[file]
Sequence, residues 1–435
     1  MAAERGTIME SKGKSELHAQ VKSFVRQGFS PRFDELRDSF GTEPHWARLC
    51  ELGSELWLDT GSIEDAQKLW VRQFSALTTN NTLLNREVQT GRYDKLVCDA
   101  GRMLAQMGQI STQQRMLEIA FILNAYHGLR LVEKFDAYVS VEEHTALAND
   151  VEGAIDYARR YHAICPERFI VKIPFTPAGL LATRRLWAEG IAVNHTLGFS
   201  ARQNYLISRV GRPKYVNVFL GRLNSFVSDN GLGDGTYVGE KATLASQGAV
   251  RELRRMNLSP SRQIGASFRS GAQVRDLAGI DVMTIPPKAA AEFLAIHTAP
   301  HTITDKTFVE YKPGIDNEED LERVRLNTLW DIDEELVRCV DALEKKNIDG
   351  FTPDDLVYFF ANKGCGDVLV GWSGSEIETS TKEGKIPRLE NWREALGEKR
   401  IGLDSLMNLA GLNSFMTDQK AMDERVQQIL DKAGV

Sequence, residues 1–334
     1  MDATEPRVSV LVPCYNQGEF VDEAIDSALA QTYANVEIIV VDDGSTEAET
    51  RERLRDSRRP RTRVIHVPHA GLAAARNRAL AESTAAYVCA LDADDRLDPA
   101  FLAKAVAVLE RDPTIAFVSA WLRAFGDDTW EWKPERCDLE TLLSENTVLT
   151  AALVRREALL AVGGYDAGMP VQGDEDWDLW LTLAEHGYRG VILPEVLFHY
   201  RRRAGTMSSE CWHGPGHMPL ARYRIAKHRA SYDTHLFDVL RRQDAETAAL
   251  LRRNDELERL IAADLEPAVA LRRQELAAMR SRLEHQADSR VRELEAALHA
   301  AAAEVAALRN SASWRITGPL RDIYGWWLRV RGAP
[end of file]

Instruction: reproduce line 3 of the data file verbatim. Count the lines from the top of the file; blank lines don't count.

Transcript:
    51  ELGSELWLDT GSIEDAQKLW VRQFSALTTN NTLLNREVQT GRYDKLVCDA